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Campaigners criticise TfL and Southwark Council over lack of action at junction where cyclist was killed

Proposals mean motorists will continue to cut across cyclists from Lane 2 when turning left

Transport for London (TfL) and Southwark Council have been accused of ignoring a coroner’s call for safety improvements at the junction where cyclist Esther Hartsilver was killed in May 2015.

Hartsilver was in a bus lane when truck driver Philip Beadle turned left off Denmark Hill into Orpheus Street and suffered multiple injuries when she went under the wheels of his lorry.

Beadle was found not guilty of causing her death by careless driving and told an inquest that the junction was “an accident waiting to happen.”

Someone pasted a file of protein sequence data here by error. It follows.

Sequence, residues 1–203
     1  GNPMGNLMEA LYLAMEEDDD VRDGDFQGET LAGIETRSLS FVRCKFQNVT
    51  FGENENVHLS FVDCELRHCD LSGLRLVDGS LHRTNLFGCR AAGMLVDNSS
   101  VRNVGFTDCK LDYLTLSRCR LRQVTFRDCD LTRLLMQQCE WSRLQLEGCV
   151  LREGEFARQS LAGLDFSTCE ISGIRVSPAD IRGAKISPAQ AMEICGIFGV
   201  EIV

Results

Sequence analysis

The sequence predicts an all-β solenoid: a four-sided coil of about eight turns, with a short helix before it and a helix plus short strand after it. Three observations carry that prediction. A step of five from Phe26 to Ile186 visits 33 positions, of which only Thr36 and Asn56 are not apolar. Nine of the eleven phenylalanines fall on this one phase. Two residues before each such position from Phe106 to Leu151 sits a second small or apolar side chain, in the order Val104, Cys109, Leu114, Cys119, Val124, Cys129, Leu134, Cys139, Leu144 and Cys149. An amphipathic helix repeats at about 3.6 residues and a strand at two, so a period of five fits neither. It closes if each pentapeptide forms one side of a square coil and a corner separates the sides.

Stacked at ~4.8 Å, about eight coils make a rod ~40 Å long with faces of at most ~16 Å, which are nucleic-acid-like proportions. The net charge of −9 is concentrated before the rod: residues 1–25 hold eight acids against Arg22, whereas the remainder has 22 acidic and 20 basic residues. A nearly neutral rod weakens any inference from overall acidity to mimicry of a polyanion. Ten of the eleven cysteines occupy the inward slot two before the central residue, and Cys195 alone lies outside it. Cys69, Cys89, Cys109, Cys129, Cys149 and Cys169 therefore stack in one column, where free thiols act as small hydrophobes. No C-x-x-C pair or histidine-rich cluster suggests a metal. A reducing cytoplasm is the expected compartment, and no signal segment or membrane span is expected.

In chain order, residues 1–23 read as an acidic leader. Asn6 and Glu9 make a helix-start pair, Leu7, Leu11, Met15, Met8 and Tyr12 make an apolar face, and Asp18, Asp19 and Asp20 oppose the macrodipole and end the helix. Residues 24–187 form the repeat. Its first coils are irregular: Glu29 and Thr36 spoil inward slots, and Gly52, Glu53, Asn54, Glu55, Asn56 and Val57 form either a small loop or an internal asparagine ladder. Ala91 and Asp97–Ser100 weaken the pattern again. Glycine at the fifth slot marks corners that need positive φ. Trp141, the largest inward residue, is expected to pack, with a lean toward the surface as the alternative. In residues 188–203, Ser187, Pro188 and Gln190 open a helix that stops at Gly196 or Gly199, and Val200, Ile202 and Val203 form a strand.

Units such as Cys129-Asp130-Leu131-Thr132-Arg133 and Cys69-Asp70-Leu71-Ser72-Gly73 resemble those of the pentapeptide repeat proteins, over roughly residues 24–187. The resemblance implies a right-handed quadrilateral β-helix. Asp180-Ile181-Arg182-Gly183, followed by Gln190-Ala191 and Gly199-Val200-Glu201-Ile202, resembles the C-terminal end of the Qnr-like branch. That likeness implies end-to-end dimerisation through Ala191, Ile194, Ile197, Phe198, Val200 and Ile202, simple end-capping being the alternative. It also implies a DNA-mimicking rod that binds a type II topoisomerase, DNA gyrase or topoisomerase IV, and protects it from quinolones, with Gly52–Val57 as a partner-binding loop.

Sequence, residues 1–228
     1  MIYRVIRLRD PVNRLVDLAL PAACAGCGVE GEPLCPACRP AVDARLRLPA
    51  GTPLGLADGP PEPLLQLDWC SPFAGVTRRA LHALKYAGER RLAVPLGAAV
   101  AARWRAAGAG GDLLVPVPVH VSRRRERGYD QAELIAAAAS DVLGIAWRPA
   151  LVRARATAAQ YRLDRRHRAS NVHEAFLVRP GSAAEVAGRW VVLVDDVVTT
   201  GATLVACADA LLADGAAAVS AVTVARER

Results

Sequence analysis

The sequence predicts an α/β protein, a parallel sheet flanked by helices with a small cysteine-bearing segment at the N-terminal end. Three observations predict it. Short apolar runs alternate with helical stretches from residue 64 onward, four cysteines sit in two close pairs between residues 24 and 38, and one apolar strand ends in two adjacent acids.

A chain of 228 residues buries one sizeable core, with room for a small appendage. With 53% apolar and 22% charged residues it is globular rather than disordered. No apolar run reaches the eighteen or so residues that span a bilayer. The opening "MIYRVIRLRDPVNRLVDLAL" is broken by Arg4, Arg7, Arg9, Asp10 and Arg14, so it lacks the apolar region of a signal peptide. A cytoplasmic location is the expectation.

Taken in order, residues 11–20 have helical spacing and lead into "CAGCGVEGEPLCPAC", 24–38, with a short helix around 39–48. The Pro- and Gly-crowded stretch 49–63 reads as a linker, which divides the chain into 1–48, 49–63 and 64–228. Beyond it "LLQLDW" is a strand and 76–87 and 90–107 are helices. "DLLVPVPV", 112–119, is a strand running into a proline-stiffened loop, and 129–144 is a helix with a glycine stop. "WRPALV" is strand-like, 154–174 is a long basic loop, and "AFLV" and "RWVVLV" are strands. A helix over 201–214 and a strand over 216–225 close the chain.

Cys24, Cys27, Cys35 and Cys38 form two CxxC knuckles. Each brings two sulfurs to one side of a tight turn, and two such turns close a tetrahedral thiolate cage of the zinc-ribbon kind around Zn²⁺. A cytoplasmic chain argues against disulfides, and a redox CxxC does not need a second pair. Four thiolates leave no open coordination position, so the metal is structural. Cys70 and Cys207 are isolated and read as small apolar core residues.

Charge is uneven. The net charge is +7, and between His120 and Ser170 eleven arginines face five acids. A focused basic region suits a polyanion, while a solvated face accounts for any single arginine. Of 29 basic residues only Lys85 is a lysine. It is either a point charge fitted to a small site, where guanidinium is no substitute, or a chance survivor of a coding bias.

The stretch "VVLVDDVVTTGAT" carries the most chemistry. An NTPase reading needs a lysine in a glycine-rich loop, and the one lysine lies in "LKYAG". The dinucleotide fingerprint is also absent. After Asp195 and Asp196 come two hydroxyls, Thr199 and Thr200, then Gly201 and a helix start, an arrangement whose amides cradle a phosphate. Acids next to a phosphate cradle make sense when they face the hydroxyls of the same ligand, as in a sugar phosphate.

Reporting on the design of the junction of Denmark Hill with Orpheus Street in February of this year, Sarah Ormond-Walshe, the assistant coroner for the coroner area of Inner South London, wrote: “Traffic wishing to turn left may, at the moment, turn left from Lane 2. This means that they cross a lane of traffic that may well be travelling straight ahead. Miss Hartsilver was an experienced London cyclist and the HGV driver an experienced driver also. It is the junction that is unusual.”

Southwark is the highway authority for both Denmark Hill and Orpheus Street with TfL working in support. “They both have different functions and duties but it would take both working together to agree a change to the design,” wrote Ormond-Walshe.